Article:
JJ Cooper: Author of military thrillers

image-jjcooper200JJ Cooper’s debut novel is The Interrogator. It is a military thriller made frighteningly authentic thanks to Cooper’s own experience as a Human Intelligence officer with the Australian Army. He spent 17 years in the army, during which time he did two tours of duty in East Timor and one in the Middle East.

He has scored a two book deal with Random House and will be releasing his second thriller in 2010.

Click play to listen. Running time: 22.24

The Interrogator

Transcript

* Please note these transcripts have been edited for readability

Valerie
Thanks for joining us today JJ.

JJ
Absolute pleasure.

Valerie
Now people are going to be so intrigued about your book and in particularly with your own experience in the military. How much did your experiences in the army inspire your characters in the story and what ended up being The Interrogator?

JJ
I suppose I write from experience and imagination. The military characters are both good and bad. I’ve drawn from people that I have come across in the military. So it seemed like a logical thing to do to have my main character as an interrogator, as I was. It sort of cuts down on a lot of research as well.

Valerie
Yeah, definitely. Now we have seen lots of scenes in movies and the like of people being interrogated. Is it really like that?

JJ
Oh, no, no, not at all. I think that is probably a thing that worked on our side a lot of the time because generally 95% of the information I got was talking like you and I are now. I think that the expectations when someone does get interrogated of course they have been watching too much television. They think that someone is going to come in yelling or that someone is going to hurt them but the reality is that Australians are covered by the Geneva Conventions and we do treat all of our prisoners in accordance with all of those conventions.

At no time is there ever anyone getting hurt, you know that’s for sure. I find over the past that it is just a matter of talking to people and at the end of the day if you are lost and alone and someone is going to have a chat with you, you are more than willing to chat back.

Valerie
What did you enjoy most about being an interrogator?

JJ
I suppose it is the battle of wits. It’s a total mind game really. You do your best. You are one-on-one in a room with someone and there goal is to stop you getting information and your goal is to get that information. Being bound by those conventions the only way you are going to do it is with the mind.

Valerie
And what are some of the things that people do to avoid telling you what you want?

JJ
I suppose delay is the big one. Information of value is always timely. So delaying by not speaking at all is probably the most useful tool to use against an interrogator. It’s always good when someone speaks, no matter what they say it’s always a bonus because once you get someone started talking they just can’t stop.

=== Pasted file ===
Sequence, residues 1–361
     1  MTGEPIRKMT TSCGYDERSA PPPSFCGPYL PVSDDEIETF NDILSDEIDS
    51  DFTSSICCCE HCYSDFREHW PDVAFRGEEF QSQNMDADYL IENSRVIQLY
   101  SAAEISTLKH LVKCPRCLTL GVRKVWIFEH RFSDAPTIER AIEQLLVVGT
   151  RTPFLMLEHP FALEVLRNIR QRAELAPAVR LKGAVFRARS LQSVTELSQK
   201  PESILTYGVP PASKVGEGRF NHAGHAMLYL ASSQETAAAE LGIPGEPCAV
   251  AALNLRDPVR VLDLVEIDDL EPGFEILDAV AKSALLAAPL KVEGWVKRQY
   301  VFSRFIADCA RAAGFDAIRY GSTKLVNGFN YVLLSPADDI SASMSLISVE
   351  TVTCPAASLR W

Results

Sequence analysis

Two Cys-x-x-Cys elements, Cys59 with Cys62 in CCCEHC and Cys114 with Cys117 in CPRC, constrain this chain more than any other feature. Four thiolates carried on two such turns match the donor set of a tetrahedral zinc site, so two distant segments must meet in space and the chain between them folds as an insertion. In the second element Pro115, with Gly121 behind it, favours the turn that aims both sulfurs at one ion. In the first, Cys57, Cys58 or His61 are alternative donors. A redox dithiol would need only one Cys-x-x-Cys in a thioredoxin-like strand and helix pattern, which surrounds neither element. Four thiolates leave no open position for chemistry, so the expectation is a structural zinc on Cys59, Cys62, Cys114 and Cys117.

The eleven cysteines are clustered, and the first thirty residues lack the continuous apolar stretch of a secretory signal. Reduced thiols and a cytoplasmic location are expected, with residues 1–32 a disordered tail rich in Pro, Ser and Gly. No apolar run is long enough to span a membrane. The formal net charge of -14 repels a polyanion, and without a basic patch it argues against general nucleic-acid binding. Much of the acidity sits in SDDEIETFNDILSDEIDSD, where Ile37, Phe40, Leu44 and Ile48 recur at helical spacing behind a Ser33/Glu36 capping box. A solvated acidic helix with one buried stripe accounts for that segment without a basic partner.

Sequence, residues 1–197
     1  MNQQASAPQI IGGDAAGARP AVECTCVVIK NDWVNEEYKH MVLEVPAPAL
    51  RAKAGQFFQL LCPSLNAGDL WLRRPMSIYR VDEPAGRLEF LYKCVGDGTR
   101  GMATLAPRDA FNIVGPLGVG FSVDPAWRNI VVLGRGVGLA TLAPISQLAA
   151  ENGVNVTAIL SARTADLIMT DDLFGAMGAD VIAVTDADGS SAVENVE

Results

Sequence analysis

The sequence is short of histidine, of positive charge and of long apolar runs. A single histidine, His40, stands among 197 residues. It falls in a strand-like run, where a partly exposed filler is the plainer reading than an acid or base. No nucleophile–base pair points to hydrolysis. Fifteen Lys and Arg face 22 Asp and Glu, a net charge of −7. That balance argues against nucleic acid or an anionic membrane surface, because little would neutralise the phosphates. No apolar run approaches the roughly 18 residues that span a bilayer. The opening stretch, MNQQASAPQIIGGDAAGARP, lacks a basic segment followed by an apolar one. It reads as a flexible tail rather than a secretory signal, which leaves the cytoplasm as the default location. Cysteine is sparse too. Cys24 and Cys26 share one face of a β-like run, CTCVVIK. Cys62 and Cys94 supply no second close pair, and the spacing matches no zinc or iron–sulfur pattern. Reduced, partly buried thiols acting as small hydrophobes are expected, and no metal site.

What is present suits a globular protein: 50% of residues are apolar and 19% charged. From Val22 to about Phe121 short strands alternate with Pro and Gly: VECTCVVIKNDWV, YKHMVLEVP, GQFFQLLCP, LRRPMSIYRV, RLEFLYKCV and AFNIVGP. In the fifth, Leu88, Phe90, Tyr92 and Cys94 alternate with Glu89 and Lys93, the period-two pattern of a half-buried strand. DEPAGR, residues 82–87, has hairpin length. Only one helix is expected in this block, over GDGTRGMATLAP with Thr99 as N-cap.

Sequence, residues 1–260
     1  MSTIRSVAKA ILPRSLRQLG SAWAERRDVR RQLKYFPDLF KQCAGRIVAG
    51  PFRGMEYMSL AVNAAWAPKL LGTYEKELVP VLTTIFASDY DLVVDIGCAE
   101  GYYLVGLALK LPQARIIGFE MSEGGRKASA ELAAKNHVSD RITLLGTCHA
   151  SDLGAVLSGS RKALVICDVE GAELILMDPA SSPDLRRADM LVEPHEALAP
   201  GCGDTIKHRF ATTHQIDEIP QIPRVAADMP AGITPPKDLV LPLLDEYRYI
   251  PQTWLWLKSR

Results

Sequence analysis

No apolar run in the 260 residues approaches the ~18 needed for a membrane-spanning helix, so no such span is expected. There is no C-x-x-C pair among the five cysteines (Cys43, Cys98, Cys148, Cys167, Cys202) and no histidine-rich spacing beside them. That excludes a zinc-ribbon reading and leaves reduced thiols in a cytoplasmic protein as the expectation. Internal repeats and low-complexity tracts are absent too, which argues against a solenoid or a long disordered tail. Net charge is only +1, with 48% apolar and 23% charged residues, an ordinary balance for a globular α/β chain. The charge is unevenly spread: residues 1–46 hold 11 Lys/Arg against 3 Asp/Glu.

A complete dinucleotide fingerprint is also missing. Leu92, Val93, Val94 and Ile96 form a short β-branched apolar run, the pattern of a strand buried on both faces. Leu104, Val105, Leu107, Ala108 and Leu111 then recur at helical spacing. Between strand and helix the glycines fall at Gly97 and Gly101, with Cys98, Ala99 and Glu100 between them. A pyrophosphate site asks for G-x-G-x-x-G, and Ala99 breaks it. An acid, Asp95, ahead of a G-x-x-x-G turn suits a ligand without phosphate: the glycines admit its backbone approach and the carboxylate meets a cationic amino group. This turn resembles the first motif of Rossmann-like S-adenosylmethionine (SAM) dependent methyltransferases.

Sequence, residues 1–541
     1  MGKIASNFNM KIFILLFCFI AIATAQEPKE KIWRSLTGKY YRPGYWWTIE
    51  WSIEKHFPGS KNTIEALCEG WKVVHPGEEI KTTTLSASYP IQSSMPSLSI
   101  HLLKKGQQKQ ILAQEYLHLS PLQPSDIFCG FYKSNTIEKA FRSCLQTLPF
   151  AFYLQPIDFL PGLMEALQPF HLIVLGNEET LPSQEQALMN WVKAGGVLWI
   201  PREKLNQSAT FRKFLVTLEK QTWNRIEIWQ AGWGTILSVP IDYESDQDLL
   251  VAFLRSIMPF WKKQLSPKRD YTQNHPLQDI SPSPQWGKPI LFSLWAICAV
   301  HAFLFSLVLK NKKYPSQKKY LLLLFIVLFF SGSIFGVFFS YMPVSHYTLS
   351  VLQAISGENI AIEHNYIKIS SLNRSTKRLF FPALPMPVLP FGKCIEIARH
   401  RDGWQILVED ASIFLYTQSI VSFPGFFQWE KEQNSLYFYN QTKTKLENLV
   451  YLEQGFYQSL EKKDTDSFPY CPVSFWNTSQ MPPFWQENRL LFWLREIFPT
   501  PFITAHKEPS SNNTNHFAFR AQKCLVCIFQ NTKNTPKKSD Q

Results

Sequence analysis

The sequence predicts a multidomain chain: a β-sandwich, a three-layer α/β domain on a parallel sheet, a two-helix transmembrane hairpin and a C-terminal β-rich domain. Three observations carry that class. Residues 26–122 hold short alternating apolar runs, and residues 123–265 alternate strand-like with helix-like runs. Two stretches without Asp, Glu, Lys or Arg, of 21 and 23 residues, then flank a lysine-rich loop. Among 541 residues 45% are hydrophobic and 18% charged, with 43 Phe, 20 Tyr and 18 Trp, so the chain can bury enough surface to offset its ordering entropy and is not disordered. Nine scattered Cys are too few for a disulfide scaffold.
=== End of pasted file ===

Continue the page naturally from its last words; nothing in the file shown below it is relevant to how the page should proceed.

Valerie
Really? Now you spent 17 years in the army. At what point did you start writing?

JJ
Not until after I left. If you can imagine 17 adrenaline-filled years in the military leaving that and then landing a nine-to-five corporate type job is that sort of gap in that adrenaline rush if you like. I was going a bit batty I think and there was a suggestion that I’ve always been a fairly decent, I suppose, type of storyteller but getting it down on paper  was the obvious thing for me to do. I needed that creative outlet per se.

Valerie
Was writing a substitute for adrenaline though?

JJ
Oh, definitely. If you are that engrossed into your writing thinking of the next plot point, the sub-plots, the what comes next and what can I throw at my main characters certainly it does fill that void definitely.

Valerie
How did you get started though? You were in your corporate job. What were you doing and then how did you actually get the discipline and inspiration to write?

JJ
I was in a corporate-type/security-type role. I found I was just missing something. I think it was my wife who made the suggestion that you may as well try and write something. You’ve always been a good storyteller. Get it down on paper and see what you can come up with. And I did and hence The Interrogator was born out of that idea.

Valerie
So you hadn’t really done much writing before that?

JJ
Absolutely not. This is my first piece of writing and it certainly worked out fairly well for me.

Valerie
Did it come easily to you when you actually sat down to tell your stories?

JJ
It did. I won’t say there weren’t times of difficulty where I would stare at the computer screen for hours on end just waiting for that next plot point to come to me. But otherwise I write fairly quickly. I’ve got fairly limited time to do so and it comes out quick enough for me and it seems to have worked out all right for this one at least.

Valerie
How did you fit it all in? Did you do it after work or on weekends? When did you actually have time to write and sit and think about your plot points?

JJ
I do probably average a couple of hours a night. I’m still working full-time and I’ve got a young family and the priorities are with them. So after everyone is tucked into bed of a night-time that’s when I tuck into my books.

Valerie
So tell us is truth really stranger than fiction?

JJ
I was in the Middle East in 2003 before the Allied Ground Assault and we were all looking for those weapons of mass destruction. As far as I know they still haven’t been found. There is a popular conspiracy theory that they were moved before we got there and I suppose it is possible that the Israeli Mossad got to them before we did. It would certainly be handy if that news broke now as my book is released.

Valerie